Automating protein digestion for reproducible proteomics
SCIEX protein digestion automated solution using Biomek NXP Laboratory Automated Workstation
Christie Hunter1, Qin Fu2, Mike Kowalski3, Jennifer E. Van Eyk2
1SCIEX, USA, 2Cedars-Sinai Medical Center, USA, 3Beckman Coulter, USA,
There are many steps in the process to generating high quality proteomics data on biological samples. There are now powerful MS workflows for quantitation (MRM and SWATH® Acquisition) that enable highly reproducible quantitation on small or large numbers of samples. This creates a new bottleneck in sample preparation, the ability to reproducibly generate digested proteomic samples is critical for performing protein quantitation studies (Figure 1, top).
By using automation, the day-to-day variability of multi-step protocols such as protein denaturation, reduction, alkylation and digestion can be significantly reduced. Removing the labor intensiveness of MS sample preparation frees up scientists to do higher value work on other aspects of projects. Here, we adapted a reliable protein digestion protocol for use on the Biomek NXP Span-8 Workstation1. This was coupled with an optimized protein preparation kit2 that provides ready to use reagents for reproducibility and efficiency.
Sample preparation: Up to 96 samples can be prepared at a time, using a method organized to run sets of 8 samples in column format. The general workflow (Figure 1) automates the SCIEX Protein Preparation Kit2 on the Biomek NXP Workstation. Protein samples are processed by first heating the samples to 60°C in the presence of denaturant and reducing agent. Following heating, the protein’s cysteine residues are blocked and the proteins are digested into peptides by adding trypsin and heating to 37°C for 3 hours. Test runs were performed using 24, 32 or 48 samples at a time.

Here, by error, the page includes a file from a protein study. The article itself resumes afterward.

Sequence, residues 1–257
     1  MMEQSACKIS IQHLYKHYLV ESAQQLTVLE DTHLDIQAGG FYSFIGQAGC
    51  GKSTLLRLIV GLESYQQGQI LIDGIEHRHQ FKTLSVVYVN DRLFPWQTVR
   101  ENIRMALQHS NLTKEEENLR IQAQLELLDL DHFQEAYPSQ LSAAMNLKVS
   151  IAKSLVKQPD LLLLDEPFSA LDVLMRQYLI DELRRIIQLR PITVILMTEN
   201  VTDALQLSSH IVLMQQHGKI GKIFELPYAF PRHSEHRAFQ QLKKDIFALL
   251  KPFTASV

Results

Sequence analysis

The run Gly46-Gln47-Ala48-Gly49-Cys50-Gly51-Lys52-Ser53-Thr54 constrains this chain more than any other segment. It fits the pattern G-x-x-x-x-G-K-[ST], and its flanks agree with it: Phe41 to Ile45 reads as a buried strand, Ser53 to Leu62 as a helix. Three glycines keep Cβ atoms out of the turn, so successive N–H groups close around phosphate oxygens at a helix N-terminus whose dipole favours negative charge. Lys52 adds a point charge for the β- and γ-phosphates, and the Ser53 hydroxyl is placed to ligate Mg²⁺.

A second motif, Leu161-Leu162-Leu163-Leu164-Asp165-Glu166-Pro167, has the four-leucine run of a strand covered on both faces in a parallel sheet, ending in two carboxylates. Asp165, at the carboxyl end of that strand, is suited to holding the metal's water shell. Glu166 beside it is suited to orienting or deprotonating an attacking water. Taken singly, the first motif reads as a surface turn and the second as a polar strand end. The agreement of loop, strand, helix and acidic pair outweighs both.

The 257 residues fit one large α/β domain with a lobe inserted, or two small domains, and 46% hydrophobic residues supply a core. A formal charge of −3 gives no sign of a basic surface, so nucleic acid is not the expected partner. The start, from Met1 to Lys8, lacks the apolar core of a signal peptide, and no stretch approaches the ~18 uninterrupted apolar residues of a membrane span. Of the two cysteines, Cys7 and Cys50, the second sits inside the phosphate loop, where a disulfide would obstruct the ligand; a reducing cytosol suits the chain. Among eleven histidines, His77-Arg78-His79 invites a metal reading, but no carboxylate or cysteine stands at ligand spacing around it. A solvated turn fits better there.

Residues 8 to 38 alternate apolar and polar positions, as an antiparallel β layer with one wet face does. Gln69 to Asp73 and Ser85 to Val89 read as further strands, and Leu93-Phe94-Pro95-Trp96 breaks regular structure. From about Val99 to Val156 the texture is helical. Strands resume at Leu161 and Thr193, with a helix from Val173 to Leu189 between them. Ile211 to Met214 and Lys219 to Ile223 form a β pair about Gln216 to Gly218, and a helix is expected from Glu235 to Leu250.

Chromatography: Separation of the digest samples was performed on a NanoLC™ 425 System (SCIEX) operating in microflow mode using a 0.3x15 cm HaloPeptide column (Eksigent). A short gradient was used for rapid sample turn-around, 5-30% solvent B in 20 min (B: 95% ACN, 0.1% formic acid in H2O) at 5 µL/min. Typically 3 µg of human plasma digest was injected onto the column for each run.
Mass spectrometry: The MRM analysis was performed on a QTRAP® 6500 System (SCIEX) equipped with an IonDrive™ Turbo V Source. For the microflow experiments, the 25 μm I.D. electrospray probe (SCIEX) was used. SWATH Acquisition was performed using a TripleTOF® 5600 System equipped with a DuoSpray™ source (SCIEX) and a 25 μm I.D. electrospray probe (SCIEX).
Data processing: MRM acquisition methods were built using Skyline software for a range of peptides from many proteins, with the goal of creating an assay that measured global digestion quality. After acquisition, data was imported into MultiQuant™ Software for peak integration. Peak areas were exported and results analyzed using Excel. For SWATH Acquisition, ion libraries were generated from ProteinPilot™ Software searches on plasma IDA data. Ion libraries were imported into SWATH Acquisition MicroApp 2.0 in PeakView® Software 2.2 for processing of SWATH Acquisition data. Peak areas were exported and results analyzed using Excel.